Monitoring Versus Crowding-Out Effect: The Role of Social Capital in Managerial Compensation
56 Pages Posted: 24 Oct 2017
Date Written: October 22, 2017
Agency theory predicts that tighter monitoring can motivate managers to exert higher effort. However, psychology theory suggests that managers may perceive increased monitoring as an indication of distrust, thereby reducing their effort level--known as a crowding-out effect. Prior research on the role of the crowding-out effect in incentive contracting is limited. To fill this void, we first develop a theoretical model with moral hazard and predict that incentive pay is decreasing in the effectiveness of monitoring. Using social capital as a proxy for the trust between firms and CEOs, we hypothesize and find that social capital is negatively associated with the proportion of incentive pay, suggesting that social capital mitigates the crowding-out effect created by increased monitoring. We further show that this negative association is more pronounced for firms with stronger boards, higher accounting quality, and Big 4 auditors, indicating that the effect of social capital on managerial compensation is greater when stronger monitoring intensifies the crowding-out effect. Our results are robust to controlling for headquarters relocations, alternative measures of social capital and incentive pay, additional corporate governance and firm characteristics, and regional fixed effects. Taken together, our evidence suggests that: 1) while not directly observable, the crowding-out effect does play an important role in incentive contracting; and 2) social capital alleviates the crowding-out effect through enhancing the mutual trust between the firm and the CEO.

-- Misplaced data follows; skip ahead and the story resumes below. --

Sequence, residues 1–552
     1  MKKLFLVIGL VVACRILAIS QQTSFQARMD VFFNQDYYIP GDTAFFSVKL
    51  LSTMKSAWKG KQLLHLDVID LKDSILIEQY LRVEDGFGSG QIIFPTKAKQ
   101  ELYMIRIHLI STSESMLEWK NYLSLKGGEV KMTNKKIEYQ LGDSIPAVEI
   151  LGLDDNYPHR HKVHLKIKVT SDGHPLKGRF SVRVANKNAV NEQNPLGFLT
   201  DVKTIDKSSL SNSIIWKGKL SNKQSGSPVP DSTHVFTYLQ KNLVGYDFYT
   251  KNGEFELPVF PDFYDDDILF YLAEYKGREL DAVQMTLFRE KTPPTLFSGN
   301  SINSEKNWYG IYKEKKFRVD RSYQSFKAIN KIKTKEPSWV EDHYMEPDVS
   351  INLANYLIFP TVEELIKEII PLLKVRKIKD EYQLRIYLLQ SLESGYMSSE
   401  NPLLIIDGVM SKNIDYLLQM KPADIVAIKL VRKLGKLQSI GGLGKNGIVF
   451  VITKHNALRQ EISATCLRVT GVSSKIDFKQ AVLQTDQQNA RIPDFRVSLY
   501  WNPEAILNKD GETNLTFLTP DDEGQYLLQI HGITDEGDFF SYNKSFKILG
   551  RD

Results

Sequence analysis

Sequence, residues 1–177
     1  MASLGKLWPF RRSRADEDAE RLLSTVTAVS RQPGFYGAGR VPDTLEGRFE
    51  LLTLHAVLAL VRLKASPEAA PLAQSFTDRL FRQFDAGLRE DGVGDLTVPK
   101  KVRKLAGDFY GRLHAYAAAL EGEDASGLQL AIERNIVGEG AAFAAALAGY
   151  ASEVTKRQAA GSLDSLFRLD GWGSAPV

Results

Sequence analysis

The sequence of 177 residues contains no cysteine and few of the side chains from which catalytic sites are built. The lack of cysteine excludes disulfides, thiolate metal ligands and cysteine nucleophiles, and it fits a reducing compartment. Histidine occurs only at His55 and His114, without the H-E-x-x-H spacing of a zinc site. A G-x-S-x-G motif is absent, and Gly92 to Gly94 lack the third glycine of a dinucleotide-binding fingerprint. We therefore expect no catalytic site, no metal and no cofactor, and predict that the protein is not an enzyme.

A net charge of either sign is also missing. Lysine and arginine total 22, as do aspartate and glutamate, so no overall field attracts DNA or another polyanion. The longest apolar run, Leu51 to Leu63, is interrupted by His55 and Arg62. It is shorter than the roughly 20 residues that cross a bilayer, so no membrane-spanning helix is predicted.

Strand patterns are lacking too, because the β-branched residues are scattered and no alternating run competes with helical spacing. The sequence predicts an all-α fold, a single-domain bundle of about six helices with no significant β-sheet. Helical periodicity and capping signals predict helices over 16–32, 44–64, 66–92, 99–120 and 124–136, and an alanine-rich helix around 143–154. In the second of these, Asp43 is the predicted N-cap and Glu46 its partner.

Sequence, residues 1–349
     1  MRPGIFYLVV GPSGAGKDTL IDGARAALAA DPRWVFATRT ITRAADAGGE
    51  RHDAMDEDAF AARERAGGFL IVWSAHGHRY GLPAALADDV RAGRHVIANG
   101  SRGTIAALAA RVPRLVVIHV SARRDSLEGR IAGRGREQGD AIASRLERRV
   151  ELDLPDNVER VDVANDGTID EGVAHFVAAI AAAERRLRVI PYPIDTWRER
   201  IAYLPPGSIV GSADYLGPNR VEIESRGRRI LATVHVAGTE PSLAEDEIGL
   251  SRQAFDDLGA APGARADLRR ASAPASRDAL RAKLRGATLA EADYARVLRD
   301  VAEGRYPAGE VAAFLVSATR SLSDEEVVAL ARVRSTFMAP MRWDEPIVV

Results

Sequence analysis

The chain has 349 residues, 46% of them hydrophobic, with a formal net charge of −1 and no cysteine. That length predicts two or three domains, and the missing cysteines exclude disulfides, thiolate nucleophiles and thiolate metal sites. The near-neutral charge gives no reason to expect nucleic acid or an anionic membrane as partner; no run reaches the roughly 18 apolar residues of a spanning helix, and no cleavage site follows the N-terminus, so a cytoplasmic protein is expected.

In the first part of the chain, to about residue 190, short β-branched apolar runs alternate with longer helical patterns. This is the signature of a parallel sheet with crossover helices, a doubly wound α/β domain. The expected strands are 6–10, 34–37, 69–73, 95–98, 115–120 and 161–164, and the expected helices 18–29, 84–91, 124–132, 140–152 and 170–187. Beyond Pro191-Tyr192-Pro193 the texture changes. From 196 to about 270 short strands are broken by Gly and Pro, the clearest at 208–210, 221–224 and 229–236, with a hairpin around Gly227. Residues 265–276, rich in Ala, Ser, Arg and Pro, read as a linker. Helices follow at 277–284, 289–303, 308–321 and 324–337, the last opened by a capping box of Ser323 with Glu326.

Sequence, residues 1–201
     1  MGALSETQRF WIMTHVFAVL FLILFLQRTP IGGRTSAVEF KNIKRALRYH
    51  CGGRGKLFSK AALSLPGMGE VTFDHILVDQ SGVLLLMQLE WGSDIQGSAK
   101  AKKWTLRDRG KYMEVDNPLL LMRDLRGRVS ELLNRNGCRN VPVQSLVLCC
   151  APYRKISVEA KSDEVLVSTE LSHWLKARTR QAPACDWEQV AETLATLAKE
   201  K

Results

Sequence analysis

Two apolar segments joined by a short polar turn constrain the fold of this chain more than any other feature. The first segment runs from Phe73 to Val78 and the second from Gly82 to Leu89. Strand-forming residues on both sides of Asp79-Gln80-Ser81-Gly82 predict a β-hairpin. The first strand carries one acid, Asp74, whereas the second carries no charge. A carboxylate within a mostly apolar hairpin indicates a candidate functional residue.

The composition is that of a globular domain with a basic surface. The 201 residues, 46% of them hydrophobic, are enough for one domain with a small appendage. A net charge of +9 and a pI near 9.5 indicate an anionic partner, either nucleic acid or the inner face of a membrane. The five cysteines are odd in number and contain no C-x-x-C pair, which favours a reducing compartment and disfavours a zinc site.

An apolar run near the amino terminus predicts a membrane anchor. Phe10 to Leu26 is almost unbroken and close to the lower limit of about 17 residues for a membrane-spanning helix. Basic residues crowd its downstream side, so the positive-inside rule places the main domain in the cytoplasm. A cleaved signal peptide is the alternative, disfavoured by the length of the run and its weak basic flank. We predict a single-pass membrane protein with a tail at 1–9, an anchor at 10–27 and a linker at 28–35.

Keywords: Crowding-Out Effect, Social Trust, Social Capital, Managerial Compensation
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